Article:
Building a net zero home in Vermont is becoming the new norm in residential construction. Want proof? Check out the almost limitless amount of media buzz, ready support from utility companies and government…and the plethora of clearly visible “solar farms” along the state’s highways.
But constructing a net zero home in Vermont, New Hampshire, or anywhere else in a cold climate requires more than just adding a lot more insulation and sticking some solar panels on a roof. A net zero home is a high-performance and high-tech home requiring that a number of processes come together.
Here are three things you should keep in mind as you explore zero energy living:
1) Assess your Energy Usage Habits
A net zero home in Vermont generates as much energy as it uses. But a home doesn’t use energy until you use energy…by setting a thermostat, taking a shower, washing dishes or engaging in a number of other energy-consuming habits. So habits are important to know.
As part of the planning process, personal energy usage habits should be quantified. Attempt to calculate usage in kWh (kilowatt hours). This is the standard unit of measurement for electricity. If you need help with this, seek the counsel of an experienced net zero homes builder to develop a practical related number. This is an important step, and can make the difference between having a true net zero energy home, or not.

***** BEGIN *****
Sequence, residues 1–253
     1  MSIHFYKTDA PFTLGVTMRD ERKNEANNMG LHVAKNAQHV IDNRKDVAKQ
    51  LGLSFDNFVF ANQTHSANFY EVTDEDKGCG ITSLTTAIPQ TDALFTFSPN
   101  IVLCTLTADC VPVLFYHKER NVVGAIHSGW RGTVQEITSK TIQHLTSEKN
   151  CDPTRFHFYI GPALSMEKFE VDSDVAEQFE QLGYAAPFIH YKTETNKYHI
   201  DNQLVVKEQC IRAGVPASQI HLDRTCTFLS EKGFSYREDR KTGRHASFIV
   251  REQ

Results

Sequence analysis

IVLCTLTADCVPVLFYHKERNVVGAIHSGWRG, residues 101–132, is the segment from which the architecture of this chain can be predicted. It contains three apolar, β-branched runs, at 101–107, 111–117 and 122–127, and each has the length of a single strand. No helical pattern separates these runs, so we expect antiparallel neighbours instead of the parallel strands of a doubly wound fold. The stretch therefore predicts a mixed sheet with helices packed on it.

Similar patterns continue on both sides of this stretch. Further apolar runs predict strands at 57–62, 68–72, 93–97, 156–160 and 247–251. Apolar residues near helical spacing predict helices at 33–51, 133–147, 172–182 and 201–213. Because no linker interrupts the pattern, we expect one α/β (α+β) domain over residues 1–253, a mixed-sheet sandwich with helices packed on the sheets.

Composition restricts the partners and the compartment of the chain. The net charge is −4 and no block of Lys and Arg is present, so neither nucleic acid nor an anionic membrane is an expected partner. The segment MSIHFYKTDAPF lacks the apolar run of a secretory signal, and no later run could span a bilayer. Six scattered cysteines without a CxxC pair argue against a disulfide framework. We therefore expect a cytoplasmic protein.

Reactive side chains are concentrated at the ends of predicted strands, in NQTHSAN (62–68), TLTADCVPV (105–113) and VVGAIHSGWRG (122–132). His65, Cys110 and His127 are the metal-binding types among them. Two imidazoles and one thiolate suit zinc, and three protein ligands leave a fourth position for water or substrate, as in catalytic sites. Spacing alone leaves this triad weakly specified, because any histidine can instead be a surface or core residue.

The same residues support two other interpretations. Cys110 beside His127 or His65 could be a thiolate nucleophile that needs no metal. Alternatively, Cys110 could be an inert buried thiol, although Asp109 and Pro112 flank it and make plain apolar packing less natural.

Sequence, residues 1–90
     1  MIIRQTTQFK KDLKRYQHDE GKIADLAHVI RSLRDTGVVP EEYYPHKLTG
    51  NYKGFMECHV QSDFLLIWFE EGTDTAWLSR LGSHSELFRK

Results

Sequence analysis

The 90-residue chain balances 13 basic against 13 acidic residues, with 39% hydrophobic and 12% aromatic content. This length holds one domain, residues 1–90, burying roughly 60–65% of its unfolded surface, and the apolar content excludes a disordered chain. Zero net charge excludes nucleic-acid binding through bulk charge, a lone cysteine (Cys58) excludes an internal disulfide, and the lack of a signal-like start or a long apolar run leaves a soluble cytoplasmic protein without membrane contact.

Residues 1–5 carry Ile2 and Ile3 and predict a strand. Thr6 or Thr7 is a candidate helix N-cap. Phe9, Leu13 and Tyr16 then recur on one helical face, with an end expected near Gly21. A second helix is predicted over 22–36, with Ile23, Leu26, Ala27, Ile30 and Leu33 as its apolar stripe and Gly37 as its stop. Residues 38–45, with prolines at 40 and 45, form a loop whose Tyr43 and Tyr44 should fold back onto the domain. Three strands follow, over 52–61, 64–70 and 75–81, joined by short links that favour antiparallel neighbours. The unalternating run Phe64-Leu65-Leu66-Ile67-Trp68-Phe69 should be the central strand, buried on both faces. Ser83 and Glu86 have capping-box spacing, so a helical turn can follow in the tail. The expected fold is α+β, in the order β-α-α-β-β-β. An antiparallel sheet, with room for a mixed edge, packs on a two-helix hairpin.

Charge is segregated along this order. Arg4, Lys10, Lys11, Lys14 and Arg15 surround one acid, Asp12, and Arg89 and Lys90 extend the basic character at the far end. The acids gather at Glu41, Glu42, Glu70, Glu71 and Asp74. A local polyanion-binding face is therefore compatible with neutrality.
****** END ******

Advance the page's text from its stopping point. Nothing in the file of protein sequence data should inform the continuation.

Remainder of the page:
2) Don’t Guess on the Number of Solar Panels
Guessing is a bad idea for two reasons:
- If you install too many solar panels, you’ll be needlessly wasting money. And if the utility company caps the net metered amount of energy it will credit you, you may not get the return on investment you desire.
- If you install too few solar panels, your new home in Vermont will not be a true zero energy home because it will not be able to produce as much energy as your home will consume.
You’ll need to get a thorough energy usage assessment. Let me emphasize thorough. Aside from your usage habits, other factors need to be weighed. The home’s orientation, roof pitch, potential obstructions, and the utility’s energy buyback program should all be considered.
Solar array peak output is expressed in kilowatt hours (kWh), the same measurement standard your power company uses. The goal is for your solar array to produce close to the amount of energy you will use yourself.
3) Test the Sealing Process
This is big. A net zero home in Vermont must be sealed. Air incursion has always been a concern among builders. With a net zero energy home, it’s critical.
A net zero home needs to be sealed to the greatest extent technology affords and a special purpose air exchange ventilation system needs to be installed.
While caulking, well-sealed windows, doors with gaskets, etc., are all good, the effectiveness of such materials and practices need to be verified.
Enter the “blower door test.” This test pressurizes the home so that any areas that “leak” can be addressed. We like to see this test done twice: during construction and when the home is completed. Utilizing this test is the only way to certify that the home truly is a high-performance home.